People and Lifestyle :
Ladakh Kashmir offers the information about lifestyle and people of ladakh, lifestyle of ladakh people and also provides information about culture of ladakh people.
People and Lifestyle
of the Inhabitants
The people of Ladakh are hardy and tough akin to the rugged mountains which
surround their dwellings yet very soft and plane at heart .With round faces,
short noses, and chinki eyes they resemble more to the people of Tibet and
central Asia than of India.
The original population is believed to have been that of Dards, an
Indo-Aryan race from down the Indus. But over years, a huge influx from
Tibet overwhelmed the culture of the "Dards" and obliterated their
racial characteristics. In eastern and central Ladakh, today's population
seems to be mostly of Tibetan origin. Further west, in and around Kargil ,
there is much in the people's appearance that suggests a mixed origin. The
exception to this generalization is the "Arghon", a community of
Muslims in Leh, the descendants of marriages between local women and
Kashmiri or Central Asian merchants.
Prominence Of Buddhism
Buddhism reached Tibet from India via Ladakh, and there are ancient
Buddhist frock engravings all over the region, even in areas like Drass and
the lower Suru valley which today are inhabited by an exclusively Muslim
population. The approach to a Buddhist Village is invariably marked by
'Mani' walls, which are ling chest-high structures faced with engraved
stones bearing the Mantra "Om Mane Padme Hum" and by 'Chorten',
commemorative cairns, like stone pepper-posts. Many villages are crowned
with a 'Gompa' or monastery, which may be anything from an imposing complex
of temples, prayer halls and monks' dwellings, to a tiny hermitage housing a
single image and home to a solitary Lama.
Other Inhabitants - The Muslims
Islam too came from the west. A peaceful penetration of the 'Shia' sect
spearheaded by missionaries, its success was guaranteed by the early
conversion of the Sub-rulers of Drass, Kargil and the Suru Valley. In these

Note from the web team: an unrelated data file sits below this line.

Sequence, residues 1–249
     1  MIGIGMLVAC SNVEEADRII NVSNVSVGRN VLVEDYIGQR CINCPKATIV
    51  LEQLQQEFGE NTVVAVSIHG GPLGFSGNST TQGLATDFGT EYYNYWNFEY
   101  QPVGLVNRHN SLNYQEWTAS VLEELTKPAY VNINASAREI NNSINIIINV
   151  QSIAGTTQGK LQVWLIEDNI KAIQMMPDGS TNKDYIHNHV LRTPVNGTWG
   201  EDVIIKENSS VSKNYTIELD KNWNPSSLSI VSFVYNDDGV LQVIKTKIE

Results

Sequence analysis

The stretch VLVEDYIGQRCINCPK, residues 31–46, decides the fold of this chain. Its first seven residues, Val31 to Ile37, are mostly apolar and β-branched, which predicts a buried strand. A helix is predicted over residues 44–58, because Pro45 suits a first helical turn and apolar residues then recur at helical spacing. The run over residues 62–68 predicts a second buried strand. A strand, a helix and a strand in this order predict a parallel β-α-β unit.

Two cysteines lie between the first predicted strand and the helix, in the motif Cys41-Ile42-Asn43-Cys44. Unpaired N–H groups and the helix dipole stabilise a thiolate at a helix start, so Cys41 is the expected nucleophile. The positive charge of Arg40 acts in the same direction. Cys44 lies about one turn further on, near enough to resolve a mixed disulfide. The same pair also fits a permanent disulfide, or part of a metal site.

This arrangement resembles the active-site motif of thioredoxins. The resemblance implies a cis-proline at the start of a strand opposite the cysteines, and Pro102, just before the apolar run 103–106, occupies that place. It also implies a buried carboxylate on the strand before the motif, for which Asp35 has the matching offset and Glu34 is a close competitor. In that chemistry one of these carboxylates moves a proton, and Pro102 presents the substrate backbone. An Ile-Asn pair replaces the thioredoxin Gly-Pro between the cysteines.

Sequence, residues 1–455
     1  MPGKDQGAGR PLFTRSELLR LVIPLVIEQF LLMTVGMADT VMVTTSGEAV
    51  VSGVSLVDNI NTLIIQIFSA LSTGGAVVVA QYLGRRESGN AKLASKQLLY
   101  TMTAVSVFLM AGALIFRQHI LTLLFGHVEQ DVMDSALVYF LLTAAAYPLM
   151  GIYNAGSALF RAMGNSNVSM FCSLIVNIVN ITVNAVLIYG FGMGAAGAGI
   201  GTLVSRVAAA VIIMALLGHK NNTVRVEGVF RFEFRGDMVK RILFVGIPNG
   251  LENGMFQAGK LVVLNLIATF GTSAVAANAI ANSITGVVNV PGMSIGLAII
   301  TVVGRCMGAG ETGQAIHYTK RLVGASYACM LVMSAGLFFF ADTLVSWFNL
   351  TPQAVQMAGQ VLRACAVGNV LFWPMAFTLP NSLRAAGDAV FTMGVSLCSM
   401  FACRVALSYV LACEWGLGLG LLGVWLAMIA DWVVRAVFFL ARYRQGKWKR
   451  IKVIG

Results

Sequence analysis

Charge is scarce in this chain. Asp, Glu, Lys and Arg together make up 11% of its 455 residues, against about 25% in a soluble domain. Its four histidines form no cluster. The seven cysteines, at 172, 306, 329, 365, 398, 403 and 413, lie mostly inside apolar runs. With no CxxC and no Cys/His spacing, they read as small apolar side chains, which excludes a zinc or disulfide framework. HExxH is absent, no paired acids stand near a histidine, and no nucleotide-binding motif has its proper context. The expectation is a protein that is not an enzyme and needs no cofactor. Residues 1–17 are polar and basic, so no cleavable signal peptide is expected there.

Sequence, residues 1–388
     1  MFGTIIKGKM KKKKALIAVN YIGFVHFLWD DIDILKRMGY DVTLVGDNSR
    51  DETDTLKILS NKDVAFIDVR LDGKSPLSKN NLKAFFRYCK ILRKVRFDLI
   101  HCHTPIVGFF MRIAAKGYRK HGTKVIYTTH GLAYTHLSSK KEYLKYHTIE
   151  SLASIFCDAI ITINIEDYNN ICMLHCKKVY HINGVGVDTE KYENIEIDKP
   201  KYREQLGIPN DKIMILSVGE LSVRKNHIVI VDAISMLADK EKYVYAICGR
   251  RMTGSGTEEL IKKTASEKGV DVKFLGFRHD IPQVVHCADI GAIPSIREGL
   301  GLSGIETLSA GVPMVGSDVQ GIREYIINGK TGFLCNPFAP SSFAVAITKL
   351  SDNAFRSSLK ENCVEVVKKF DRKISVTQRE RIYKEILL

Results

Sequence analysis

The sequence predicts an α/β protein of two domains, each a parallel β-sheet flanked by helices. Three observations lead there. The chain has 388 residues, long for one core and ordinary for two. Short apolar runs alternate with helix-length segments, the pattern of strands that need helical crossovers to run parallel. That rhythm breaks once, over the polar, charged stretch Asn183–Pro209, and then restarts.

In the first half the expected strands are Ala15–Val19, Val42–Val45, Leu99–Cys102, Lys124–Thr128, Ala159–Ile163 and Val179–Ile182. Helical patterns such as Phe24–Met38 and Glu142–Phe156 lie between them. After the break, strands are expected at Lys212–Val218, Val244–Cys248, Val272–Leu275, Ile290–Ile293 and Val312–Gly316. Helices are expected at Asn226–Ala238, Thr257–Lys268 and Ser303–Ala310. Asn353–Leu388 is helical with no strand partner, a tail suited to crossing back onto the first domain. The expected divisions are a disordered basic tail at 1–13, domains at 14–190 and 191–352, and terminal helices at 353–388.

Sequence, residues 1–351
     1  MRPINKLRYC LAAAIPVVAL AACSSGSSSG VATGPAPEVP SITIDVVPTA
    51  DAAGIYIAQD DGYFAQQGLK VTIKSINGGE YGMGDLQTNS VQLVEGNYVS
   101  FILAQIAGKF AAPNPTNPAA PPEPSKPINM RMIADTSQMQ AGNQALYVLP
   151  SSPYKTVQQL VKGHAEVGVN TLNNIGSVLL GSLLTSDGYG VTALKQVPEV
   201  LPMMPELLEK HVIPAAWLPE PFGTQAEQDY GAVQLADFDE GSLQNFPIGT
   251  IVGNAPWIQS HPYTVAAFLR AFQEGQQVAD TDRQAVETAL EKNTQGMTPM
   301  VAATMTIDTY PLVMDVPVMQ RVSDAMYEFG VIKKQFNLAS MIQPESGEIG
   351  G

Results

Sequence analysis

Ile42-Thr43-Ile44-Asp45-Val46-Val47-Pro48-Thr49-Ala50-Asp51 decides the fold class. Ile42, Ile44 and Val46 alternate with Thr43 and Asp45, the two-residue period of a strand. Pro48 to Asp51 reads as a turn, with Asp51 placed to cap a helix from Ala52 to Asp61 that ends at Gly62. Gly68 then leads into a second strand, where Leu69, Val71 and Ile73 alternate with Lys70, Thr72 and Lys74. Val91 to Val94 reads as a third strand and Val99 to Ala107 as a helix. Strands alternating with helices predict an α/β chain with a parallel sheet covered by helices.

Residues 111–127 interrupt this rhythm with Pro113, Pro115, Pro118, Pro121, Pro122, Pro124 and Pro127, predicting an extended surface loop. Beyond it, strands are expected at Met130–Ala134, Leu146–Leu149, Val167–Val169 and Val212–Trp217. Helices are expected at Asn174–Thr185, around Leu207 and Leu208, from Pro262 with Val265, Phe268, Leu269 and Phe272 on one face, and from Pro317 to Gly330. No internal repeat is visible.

areas, 'Mani' walls and Chorten are replaced by mosques often-small
unpretentious buildings, or 'Imambaras' imposing structures in the Islamic
style, surmounted by domes of sheet metal that gleam cheerfully in the sun.
Women of Ladakh
area women of
both the communities, Buddhist and Muslim, enjoy a greater freedom than
other parts of the region. They not only work in the house and field, but
also do business and interact freely with men other than their own
relations. In Kargil and its adjoining regions on the other hand, it is only
in the last few years that women are merging from semi-seclusion and taking
jobs other than traditional ones like farming and house-keeping.
& Ideal-time Activities
The natural joie-de-vivre of the Ladakhis is given free rein by the ancient
traditions of the region. Monastic and other religious festivals, many of
which fall in winter, provide the excuse for convivial gatherings. Summer
pastimes all over the region are archery and polo. Among the Buddhists,
these often develop into open-air parties accompanied by dance and song, at
which 'Chang', the local brew made from fermented barley, flows freely.
Ceremonial and public events are accompanied by the characteristic music of
'Surna' and 'Daman' (Oboe and drum), originally introduced into Ladakh from
Muslim Baltistan, but now played only by Buddhist musicians known as "Mons".
Child Birth Celebration
The first year of childbirth is marked by celebrations at different
intervals of time, Beginning with a function held after 15 days, then after
one month, and then again at the end of year. All relatives, neighbors and
friends are invited and served with 'Tsampa', butter and sugar, along with
tea by the family in which the child is born.
There is a mix of music and dance, joy and laughter, in the air whenever a
marriage is held. The first day is spent in feasting at the bride's house,
the second at the groom's place. The bride goes to live in the house of
bridegroom after marriage. Boys are usually married or promised for marriage
at about 16, girls at about 12. To make a proposal a relative of the boy
goes to the house of the girl and gives a ring together with presents of
butter, tea and 'Chang'. If the gifts are accepted then the marriage follows
some months later. The boy offers a necklace and clothes to the girl. The
parents of the girl give the couple clothes, animals and land if they are
rich. These gifts are known as a "Raqtqaq" or dowry.
Inheritance of the Father's Property
When the father of the family dies his place is taken by the eldest
brother. The other brothers must obey the eldest brother. All inheritance of
the family goes to the eldest brother and then to the next brother when he
dies. If the family consists of all girls, then the father will bring the
husband of the eldest daughter into the house and all land stays in the
daughter's name and passes to her first son. Both sets of parents must
accept the proposal of the boy for the girl. Usually the marriage is set by
both sets of parents, who will choose a suitable partner for their child on
the basis of manner, health and ability to earn income and look after a